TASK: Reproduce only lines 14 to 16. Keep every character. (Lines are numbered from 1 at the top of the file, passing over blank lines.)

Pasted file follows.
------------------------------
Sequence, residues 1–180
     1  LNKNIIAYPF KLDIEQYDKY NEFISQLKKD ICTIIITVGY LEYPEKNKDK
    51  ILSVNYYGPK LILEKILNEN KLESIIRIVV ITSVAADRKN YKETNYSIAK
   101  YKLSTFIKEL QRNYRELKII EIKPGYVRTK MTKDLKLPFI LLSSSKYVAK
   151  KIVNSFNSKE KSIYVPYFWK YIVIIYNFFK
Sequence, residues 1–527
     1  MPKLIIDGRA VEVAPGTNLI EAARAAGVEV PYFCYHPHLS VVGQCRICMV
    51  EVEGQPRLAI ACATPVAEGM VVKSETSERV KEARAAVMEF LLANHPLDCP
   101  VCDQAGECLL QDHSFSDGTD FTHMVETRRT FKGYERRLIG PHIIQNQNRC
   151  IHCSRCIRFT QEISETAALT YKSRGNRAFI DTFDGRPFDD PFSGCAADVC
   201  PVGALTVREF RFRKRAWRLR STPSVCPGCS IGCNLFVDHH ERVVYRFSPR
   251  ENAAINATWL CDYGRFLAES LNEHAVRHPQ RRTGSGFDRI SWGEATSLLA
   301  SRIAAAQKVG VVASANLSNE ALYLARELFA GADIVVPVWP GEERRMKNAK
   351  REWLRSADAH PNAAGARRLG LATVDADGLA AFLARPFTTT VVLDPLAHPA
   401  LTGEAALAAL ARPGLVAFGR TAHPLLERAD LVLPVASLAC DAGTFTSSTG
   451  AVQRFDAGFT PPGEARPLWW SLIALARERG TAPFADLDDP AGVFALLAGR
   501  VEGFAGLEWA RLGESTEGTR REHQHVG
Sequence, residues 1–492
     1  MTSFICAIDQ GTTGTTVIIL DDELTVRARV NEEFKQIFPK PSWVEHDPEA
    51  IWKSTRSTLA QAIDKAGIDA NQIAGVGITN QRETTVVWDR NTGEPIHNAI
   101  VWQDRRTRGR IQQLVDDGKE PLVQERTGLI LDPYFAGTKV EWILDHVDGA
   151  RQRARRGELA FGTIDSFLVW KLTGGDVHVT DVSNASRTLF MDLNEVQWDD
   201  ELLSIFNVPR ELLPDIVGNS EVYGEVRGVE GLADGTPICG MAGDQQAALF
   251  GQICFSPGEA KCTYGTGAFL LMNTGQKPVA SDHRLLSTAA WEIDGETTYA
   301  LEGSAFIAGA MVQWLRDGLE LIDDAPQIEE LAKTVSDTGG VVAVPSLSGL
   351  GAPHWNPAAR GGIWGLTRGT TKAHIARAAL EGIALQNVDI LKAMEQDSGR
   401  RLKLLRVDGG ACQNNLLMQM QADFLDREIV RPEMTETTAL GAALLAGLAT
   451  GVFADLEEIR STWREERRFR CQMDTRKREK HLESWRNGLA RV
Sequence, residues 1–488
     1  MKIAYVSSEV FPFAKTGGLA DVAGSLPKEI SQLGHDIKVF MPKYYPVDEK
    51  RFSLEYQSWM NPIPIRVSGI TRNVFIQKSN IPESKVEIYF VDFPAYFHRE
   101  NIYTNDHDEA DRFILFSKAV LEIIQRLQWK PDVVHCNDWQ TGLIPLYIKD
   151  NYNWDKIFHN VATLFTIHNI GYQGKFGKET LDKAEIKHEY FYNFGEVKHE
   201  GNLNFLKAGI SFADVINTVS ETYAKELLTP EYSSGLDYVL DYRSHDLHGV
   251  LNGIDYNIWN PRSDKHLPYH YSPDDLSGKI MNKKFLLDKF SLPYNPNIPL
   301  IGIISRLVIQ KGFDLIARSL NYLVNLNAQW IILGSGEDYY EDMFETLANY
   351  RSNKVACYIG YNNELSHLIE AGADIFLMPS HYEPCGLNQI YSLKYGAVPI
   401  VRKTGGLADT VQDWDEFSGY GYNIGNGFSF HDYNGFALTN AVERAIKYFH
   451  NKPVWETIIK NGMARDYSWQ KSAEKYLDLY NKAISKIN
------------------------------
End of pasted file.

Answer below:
   351  REWLRSADAH PNAAGARRLG LATVDADGLA AFLARPFTTT VVLDPLAHPA
   401  LTGEAALAAL ARPGLVAFGR TAHPLLERAD LVLPVASLAC DAGTFTSSTG
   451  AVQRFDAGFT PPGEARPLWW SLIALARERG TAPFADLDDP AGVFALLAGR